planetary turbulence, atmospheric turbulence, zonostrophic regime, potential vorticity
Digital Object Identifier (DOI)
Images of the giant planets Jupiter and Saturn show highly turbulent storms and swirling clouds that reflect the intensity of turbulence in their atmospheres. Quantifying planetary turbulence is inaccessible to conventional tools, however, since they require large quantities of spatially and temporally resolved data. Here we show, using experiments, observations, and simulations, that potential vorticity (PV) is a straightforward and universal diagnostic that can be used to estimate turbulent energy transfer in a stably stratified atmosphere. We use the conservation of PV to define a length scale, LM, representing a typical distance over which PV is mixed by planetary turbulence. LM increases as the turbulent intensity increases and can be estimated from any latitudinal PV profile. Using this principle, we estimate LM within Jupiter's and Saturn's tropospheres, showing for the first time that turbulent energy transfer in Saturn's atmosphere is four times less intense than Jupiter's.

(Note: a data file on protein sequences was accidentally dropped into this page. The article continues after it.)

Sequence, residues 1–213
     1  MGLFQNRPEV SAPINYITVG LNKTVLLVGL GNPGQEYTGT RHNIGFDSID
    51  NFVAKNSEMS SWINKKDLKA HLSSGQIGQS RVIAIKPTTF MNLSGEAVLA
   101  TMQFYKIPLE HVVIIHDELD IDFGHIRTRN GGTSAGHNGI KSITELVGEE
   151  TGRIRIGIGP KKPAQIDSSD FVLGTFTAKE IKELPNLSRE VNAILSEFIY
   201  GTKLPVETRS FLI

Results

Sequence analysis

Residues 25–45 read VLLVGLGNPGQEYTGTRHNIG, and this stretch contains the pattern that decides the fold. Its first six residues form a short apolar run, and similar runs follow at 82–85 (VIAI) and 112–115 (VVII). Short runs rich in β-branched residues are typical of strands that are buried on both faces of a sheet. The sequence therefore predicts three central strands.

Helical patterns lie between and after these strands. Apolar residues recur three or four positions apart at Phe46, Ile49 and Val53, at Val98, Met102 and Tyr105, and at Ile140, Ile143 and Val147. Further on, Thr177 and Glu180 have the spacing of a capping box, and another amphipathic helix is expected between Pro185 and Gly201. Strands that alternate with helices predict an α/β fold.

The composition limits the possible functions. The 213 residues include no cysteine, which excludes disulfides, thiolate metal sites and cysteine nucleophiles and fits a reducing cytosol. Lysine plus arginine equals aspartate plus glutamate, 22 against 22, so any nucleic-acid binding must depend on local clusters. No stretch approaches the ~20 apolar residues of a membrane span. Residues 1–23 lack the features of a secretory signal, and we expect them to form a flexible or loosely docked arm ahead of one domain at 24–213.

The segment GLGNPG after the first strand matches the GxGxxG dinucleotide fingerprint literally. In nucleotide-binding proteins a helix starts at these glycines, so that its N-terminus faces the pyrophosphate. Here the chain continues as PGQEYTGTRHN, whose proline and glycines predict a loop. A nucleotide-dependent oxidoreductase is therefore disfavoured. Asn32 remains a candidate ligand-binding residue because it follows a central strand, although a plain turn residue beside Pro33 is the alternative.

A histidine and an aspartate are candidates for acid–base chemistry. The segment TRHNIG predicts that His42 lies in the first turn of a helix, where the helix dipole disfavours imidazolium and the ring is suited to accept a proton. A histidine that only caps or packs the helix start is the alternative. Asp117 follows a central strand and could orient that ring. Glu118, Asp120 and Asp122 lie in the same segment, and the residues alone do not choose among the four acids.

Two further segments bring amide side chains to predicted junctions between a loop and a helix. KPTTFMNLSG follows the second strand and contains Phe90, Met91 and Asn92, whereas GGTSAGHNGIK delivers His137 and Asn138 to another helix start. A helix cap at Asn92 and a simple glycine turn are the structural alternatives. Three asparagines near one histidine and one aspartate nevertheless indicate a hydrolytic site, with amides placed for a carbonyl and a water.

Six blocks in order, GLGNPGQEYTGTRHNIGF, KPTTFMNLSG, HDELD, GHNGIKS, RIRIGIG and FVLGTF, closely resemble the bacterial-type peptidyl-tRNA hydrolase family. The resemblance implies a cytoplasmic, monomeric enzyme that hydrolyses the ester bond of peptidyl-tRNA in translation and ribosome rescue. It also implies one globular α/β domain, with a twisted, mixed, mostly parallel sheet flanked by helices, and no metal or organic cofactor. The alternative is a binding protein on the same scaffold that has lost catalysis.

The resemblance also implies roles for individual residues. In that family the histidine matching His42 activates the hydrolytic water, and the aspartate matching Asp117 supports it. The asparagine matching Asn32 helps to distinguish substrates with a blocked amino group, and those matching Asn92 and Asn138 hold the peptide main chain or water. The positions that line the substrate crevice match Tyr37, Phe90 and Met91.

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Citation / Publisher Attribution
Geophysical Research Letters, v. 47, issue 23, art. e2020GL088685
©2020. American Geophysical Union. All Rights Reserved.
Scholar Commons Citation
Cabanes, Simon; Espa, Stefania; Galperin, Boris; Young, Roland M.; and Read, Peter L., "Revealing the Intensity of Turbulent Energy Transfer in Planetary Atmospheres" (2020). Marine Science Faculty Publications. 1449.